What was the worst? Did you know it at the time? The 'write what you know' business. What I know is boring. Half the fun of writing is picking a setting or subject that you can learn something about as you write, or prepare to write. I didn't know squat for years, so I didn't know it was not the best advice for me.
How did you pick the genre you write in? I think cozy mysteries picked me - though that's not all I do. My mother read all the women mystery writers of her day -- Mary Stewart, Phyllis Whitney, Victoria Holt, some Agatha Christie. Then she'd see an article about how no one had eggs delivered to their door anymore and she'd say something like, "That's too bad. If you were writing a mystery you could deliver messages in the egg cartons." So I guess I was introduced to the genre early.
How many rejections have you received? I could paper a bedroom, or a New York efficiency. These are largely books prior to the Jolie Gentil series. For a long time I kept the rejections, especially any that offered encouragement. At some point I decided that there was something to learn from the process, but it dealt more with publishing than writing. About six years ago I stopped sending anything out, and just wrote what I wanted.
Why did you decide to self-publish some of your fiction? I've published nonfiction with a traditional publisher, and it's neat to work with industry professionals and have someone besides me market my book. Mostly I picked a setting (New Jersey beaches) and developed characters I wanted to work with over time, and I let some of my characters have a sense of humor similar to mine. This is what I'm going to write for now, and I knew the Jolie Gentil series probably would not sell millions of copies, so why might a publisher buy it? If I were 30 I might be willing to shop it around for a good while, but I'm 60, and I didn't feel like waiting. I realize that sounds a bit arrogant, as if I assume a publisher would want the books if I just pushed hard enough. I enjoy what I write, and people do buy the books. Of course, all of this is possible because of e-books and print on demand. I would never have considered loading up my garage with 50 boxes of books and driving across country to sell them.
Do you inject any real-world events in your books? Interesting question, especially now. I had a low-grade hurricane in Any Port in a Storm, and I'm considering using the aftermath of Sandy in a future book. It is a life-changing event for the Jersey shore, and my early thinking is that I would trivialize it by ignoring it.
Who is your greatest cheerleader? Hands down, my sister, Diane. But I'm still mom's favorite daughter. My husband's supportive too, but I've known her longer.
What three things would you want with you on a desert island? Ice cream, ice cream, and chocolate ice cream.

Bio and blurb stuff

Elaine L. Orr has written fiction and nonfiction for many years and introduced the Jolie Gentil cozy mystery series in 2011. Her fiction varies from cozy mysteries to coming-of-age stories to plays. Her nonfiction includes material on caring for aging parents and carefully researched family history books. Elaine grew up in Maryland and moved to the Midwest in 1994. Any Port in a Storm is the fourth in the Jolie Gentil series.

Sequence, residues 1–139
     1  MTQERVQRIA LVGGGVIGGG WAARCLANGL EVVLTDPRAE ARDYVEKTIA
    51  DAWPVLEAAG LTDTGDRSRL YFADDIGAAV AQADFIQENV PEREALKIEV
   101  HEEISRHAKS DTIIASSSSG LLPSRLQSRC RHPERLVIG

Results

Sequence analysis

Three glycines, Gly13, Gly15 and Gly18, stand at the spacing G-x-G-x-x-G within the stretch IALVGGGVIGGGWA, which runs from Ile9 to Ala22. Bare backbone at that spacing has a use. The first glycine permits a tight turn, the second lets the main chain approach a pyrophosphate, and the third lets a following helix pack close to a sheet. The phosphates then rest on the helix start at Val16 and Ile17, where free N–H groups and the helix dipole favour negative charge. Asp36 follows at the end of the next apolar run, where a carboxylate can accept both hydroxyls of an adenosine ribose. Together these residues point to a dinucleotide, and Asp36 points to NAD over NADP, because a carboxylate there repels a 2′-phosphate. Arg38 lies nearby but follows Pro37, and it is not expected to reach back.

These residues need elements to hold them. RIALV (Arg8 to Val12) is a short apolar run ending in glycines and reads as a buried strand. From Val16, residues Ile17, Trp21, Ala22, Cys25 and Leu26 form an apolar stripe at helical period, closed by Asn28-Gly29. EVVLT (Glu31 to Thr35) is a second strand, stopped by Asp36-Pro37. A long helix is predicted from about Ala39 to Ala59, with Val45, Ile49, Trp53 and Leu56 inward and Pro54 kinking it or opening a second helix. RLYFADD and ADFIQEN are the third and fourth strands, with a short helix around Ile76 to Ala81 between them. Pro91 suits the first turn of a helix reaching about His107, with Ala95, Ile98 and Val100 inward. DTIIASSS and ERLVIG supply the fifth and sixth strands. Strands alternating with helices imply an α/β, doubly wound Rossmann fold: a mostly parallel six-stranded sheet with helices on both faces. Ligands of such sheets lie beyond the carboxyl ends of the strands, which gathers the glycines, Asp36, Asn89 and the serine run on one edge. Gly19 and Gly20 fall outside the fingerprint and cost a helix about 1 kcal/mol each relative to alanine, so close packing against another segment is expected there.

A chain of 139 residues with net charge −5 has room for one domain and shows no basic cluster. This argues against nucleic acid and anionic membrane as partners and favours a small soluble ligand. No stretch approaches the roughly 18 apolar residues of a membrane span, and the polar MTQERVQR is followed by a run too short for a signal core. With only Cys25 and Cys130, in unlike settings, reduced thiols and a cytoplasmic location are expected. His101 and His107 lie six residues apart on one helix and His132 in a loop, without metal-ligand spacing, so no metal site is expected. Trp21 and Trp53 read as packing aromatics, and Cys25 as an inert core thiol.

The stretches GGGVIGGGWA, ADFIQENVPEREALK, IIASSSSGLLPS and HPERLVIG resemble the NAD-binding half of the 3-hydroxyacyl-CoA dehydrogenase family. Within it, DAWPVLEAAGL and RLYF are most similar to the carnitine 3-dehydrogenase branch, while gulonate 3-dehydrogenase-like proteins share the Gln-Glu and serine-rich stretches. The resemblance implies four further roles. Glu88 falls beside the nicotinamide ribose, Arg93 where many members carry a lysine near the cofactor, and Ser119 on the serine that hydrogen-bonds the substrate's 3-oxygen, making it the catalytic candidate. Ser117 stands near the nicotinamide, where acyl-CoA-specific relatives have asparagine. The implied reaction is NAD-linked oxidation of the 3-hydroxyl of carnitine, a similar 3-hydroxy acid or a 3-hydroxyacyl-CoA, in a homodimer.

Any Port in a Storm

Jolie Gentil heads the Talk Like a Pirate Day fundraiser for the food pantry and tries to learn who's breaking into the houses she appraises. A newcomer to Ocean Alley is leading high school kids into trouble in those houses. Jolie's mad and lets folks know it. When a corpse turn up under the makeshift pirate ship, Jolie's looking like a suspect. And who wants a murder suspect appraising their house?

Jolie and reporter George Winters try to solve the murder and learn who wants to frame Jolie. Plus, Jolie has to put up with Scoobie's pirate limericks and Aunt Madge's blossoming love life. And what about her own?

Wednesday, November 14, 2012

A Bridge to Treachery

From Chapter 23 A Bridge to Treachery - Larry Crane

Lou got to his knees and scrambled under the trailer toward Frawley’s body. He reached across him, for his carbine. Immediately, the police threw another fusillade of fire. Lou was caught in the middle of the searchlight beam. He scrambled back to safety behind the tire as bullets screeched around him, careening off the concrete in a shower of sparks, miraculously failing to ignite the gasoline. By the weight of it, he judged the magazine of the carbine to be almost full. Back toward the center of the bridge, the police cars were creeping forward. Lou crouched behind the front tire of Mack West, gathering his strength for a sprint. He got to his feet and plunged out into the darkness adjacent to the bridge railing. He pumped his legs with all of his strength. He saw the dark form of his drenched jacket in the roadway ahead.

The headlights of the approaching squad cars created angular shafts of light through the wheels, undercarriage, and stanchions of Mack East and the three-quarter ton full of napalm drums. He dove for his jacket, grasping the machine beneath it in both hands. He whirled the handle once; nothing. Then again, harder. Again. On the third twist, the center of the bridge seemed to heave up in a ball of yellow and crimson flame. A thunderous roar enveloped the bridge and sent shocks through the girders and the concrete surface, throwing Lou to his back.